Of all parts of the investment process, the exit strategy is undeniably the most treasured moment. For both investors and entrepreneurs in start-up businesses alike.
As an entrepreneur or investor, there’s a lot on your plate when you start a business. You need to be clear on your mission and vision. You also need to have a full understanding of your business model, through your market research. Your marketing and sales strategy, as well as your operations, must have a clear implementation plan. Your goals should be in line with your business plan. It’s easy to get consumed by the day to day responsibilities while the urgent demand for being in the business eats up your time.
There’s another piece of the business puzzle that’s easy to put off but very critical to achieving your long term goals and that is your “exit strategy”. If you set your exit strategy as part of your initial goal-setting process, then all your goal achievements will lead towards your ideal exit strategy.
Understanding Your Exit Strategy
An exit strategy is when an investor or entrepreneur intends to cash in on the investment they have made in the business. There are different forms of exit strategies that investors and entrepreneurs plan out in order to get that return of investment.
Choosing the right exit strategy for your goals is key long term planning for your investment in a start-up. Obviously, you have monthly and annual goals for your business. Obviously, you want to commit to these intermediate goals only if they are aligned with your long term goals. And the ultimate goal achievement of your ideal exit strategy.
Exit Strategy Options
Not planning an exit from your business is the worst mistake any entrepreneur can make. Knowing when you want to sell your business, and how you want to do it, can help you to ultimately achieve its maximum value. The following options can help you understand how and when you would like to exit your investment as an entrepreneur.
ONE: Initial Public Offer
For start-up businesses, an exit strategy could be the Initial Public Offer (IPO). This is where part of the business is sold to the public in the form of shares. This way, entrepreneurs are reimbursing investors within their own start-up. Aside from that, the business gets more access to liquidity for investors and more chances to acquire other companies.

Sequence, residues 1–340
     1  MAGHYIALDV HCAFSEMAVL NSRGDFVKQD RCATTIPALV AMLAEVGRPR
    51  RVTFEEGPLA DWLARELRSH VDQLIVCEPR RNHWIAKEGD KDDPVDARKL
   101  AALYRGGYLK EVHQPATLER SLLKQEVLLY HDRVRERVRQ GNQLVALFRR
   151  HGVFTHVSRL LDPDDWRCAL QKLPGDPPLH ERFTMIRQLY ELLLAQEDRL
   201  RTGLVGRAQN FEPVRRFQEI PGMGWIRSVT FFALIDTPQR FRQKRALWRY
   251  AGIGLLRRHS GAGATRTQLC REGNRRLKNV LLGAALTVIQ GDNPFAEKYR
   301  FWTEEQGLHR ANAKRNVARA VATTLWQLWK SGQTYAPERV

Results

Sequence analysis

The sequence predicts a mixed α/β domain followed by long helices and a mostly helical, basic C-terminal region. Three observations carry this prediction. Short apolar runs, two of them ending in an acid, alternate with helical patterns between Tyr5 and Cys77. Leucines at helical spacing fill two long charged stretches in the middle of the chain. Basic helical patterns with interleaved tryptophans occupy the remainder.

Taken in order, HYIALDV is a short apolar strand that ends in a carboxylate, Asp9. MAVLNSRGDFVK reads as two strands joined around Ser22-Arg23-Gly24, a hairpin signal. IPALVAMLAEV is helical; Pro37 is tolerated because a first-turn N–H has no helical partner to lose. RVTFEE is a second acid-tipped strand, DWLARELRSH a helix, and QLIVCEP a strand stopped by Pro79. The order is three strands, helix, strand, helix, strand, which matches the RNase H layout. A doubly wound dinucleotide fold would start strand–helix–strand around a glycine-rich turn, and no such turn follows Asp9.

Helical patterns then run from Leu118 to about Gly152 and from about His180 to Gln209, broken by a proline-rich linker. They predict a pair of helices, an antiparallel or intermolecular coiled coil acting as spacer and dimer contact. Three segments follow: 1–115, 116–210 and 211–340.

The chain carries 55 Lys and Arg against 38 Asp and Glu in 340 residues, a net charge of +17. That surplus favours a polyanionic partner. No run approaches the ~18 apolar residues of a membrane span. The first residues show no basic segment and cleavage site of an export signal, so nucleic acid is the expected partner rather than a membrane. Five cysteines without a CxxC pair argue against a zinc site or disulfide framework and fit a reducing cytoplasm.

TWO: Mergers and Acquisitions
Startups can do well with exercising the option to merge with another company. Especially if problems with cash flow or liquidity arise. With mergers and acquisitions, the new business stays afloat and provides security among investors.
THREE: Private Offerings
Another exit strategy is to conduct a private offering of the business’ shares to individuals or a select group of investors. It is more cost-effective to raise funds this way because brokers are not required. This can be done with crowdfunding websites like Kickstarter and Indiegogo. The private offering is not registered with trading regulators. Many are exempt from required reporting arrangements and allows for existing shareholders to be bought out in a new fundraiser round.
FOUR: Cash Cow
Cash cows are firms that can command a high market share in an industry dominated by low growth. They are able to sustain enough capital to stay afloat and have increased profits over many years. They are able to pay dividends to investors and shareholders by cashing in on their products.
FIVE: Regulation A+
Regulation A+ is similar to IPO. The business owner can put the startup company on an exchange after qualifying. The entrepreneur can benefit from raising money and conforming to particular stipulations laid down by the trading regulator without having to publish accounts publicly or file other mandatory paper works that would be required of an IPO.
SIX: Venture Capital
A good way to secure investors is to keep the cash rolling into the startup. Often, a venture capitalist would invest large sums of money into businesses and start-ups that are deemed worthy of note.
Although it takes time for the investment to mature, it is able to provide a steady source of cash to create more investments. It also allows you to expand development. As a startup, you are able to attract other wealthy investors who see the potential for high returns in the future. More real estate crowdfunding companies are going into venture capital.